In other words: the way your current body is, is the way your current body should be.

We may not always understand why our bodies are the way they are – but what we can do is understand and accept that there are causes that led our bodies to where they currently are. This allows for us to begin to accept that our bodies are the way they should be, rather than believing “our bodies shouldn’t be this way”. 

3) Shifting your mind towards acceptance.

When faced with a difficult situation or circumstance, there are two roads that we can take – the road to rejection, or the road to acceptance. Radical acceptance isn’t something you do once – it needs to be practiced over and over again, with each difficult or challenging situation that life throws at you. There are three steps that are involved in shifting your mind towards acceptance: 

a. Realizing that you’re not accepting reality.

b. Making the inner commitment to accept this and all subsequent realities.

c. Repeating steps (a) and (b) over and over again. Finally, I’d like to note what radical acceptance is not:

  • Giving up on or rejecting yourself.
  • An impractical blanket solution to make everything pain-free.
  • Always admitting that you approve of and agree with the situation.

How Can I Start Practicing Radical Acceptance?

The first step to practicing radical acceptance always begins with realizing and admitting that we may have been destructive and unaccepting of our bodies.  

It all starts with a thought…

Once we acknowledge this, we can become more constructive and love ourselves and our bodies by:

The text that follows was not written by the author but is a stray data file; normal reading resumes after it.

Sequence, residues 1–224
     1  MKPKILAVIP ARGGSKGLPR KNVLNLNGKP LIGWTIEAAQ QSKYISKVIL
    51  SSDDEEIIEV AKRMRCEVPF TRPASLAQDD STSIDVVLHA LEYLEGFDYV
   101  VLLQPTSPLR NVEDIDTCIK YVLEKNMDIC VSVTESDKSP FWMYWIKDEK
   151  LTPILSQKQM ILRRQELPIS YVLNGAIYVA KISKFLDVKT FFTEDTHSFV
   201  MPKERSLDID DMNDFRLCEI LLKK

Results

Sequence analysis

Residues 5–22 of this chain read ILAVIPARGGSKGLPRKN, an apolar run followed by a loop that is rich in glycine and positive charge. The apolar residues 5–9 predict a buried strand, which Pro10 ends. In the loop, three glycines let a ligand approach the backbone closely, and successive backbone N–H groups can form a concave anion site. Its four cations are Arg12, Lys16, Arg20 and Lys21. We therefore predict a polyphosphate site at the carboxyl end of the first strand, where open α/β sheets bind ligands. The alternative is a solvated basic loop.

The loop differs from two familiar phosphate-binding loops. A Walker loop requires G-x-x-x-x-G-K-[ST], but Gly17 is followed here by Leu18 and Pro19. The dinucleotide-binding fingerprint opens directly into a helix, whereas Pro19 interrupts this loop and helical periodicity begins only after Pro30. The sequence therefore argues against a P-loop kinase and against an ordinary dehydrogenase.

No matter what happens, I’m here for you. If you’d like to chat with me, feel free to book a free 15-minute call so we can start walking this journey of self-acceptance together!

Blog Contributers:

This blog was written with the help of UBC nutrition and dietetic students, Jasmine and Yasmin.


Corrina Horne: What is Radical Acceptance and How Can it Help Me? (accessed April 4, 2020). Available from: https://www.betterhelp.com/advice/therapy/what-is-radical-acceptance-and-how-can-it-help-me/

Marsha Linehan: Radical Acceptance Text (accessed April 4, 2020). Available from: https://www.dbtselfhelp.com/html/radical_acceptance_part_7.html

nutriFoodie: 5 Steps to Start Loving YourSELF Today with HAES (accessed April 4, 2020). Available from: https://nutrifoodie.ca/2018/11/06/how-to-start-loving-your-size-and-yourself-today

nutriFoodie: Fighting Fatphobia (accessed April 4, 2020). Available from: https://nutrifoodie.ca/2019/02/08/fighting-fatphobia/

nutriFoodie: Week 4 Radical Acceptance March 2020 (accessed April 4, 2020). Available from: https://www.youtube.com/watch?v=XjYdA_te5_c&feature=youtu.be&app=desktop

Subscribe to our Intuitive Eating Handout



Related Posts

Food Addiction

Do I Have a Food Addiction?

In this blog, we’ll be talking about what food addiction is, and also unpack related topics such as the difference between substance and food addiction, what causes feelings of food addiction, and ways to overcome it.